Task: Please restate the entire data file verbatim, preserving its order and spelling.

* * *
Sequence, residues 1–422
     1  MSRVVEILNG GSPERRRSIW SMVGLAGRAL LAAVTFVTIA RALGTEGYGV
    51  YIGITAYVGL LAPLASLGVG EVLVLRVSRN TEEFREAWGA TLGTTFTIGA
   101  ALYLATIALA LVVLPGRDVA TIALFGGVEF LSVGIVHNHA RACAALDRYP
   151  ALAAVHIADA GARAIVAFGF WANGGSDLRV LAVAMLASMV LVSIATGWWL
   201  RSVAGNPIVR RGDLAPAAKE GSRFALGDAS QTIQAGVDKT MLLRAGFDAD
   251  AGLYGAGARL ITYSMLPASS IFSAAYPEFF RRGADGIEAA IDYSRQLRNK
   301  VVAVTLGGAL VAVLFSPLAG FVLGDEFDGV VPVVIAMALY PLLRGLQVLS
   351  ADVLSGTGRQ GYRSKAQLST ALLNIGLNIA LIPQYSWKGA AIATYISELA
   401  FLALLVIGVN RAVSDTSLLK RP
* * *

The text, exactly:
Sequence, residues 1–422
     1  MSRVVEILNG GSPERRRSIW SMVGLAGRAL LAAVTFVTIA RALGTEGYGV
    51  YIGITAYVGL LAPLASLGVG EVLVLRVSRN TEEFREAWGA TLGTTFTIGA
   101  ALYLATIALA LVVLPGRDVA TIALFGGVEF LSVGIVHNHA RACAALDRYP
   151  ALAAVHIADA GARAIVAFGF WANGGSDLRV LAVAMLASMV LVSIATGWWL
   201  RSVAGNPIVR RGDLAPAAKE GSRFALGDAS QTIQAGVDKT MLLRAGFDAD
   251  AGLYGAGARL ITYSMLPASS IFSAAYPEFF RRGADGIEAA IDYSRQLRNK
   301  VVAVTLGGAL VAVLFSPLAG FVLGDEFDGV VPVVIAMALY PLLRGLQVLS
   351  ADVLSGTGRQ GYRSKAQLST ALLNIGLNIA LIPQYSWKGA AIATYISELA
   401  FLALLVIGVN RAVSDTSLLK RP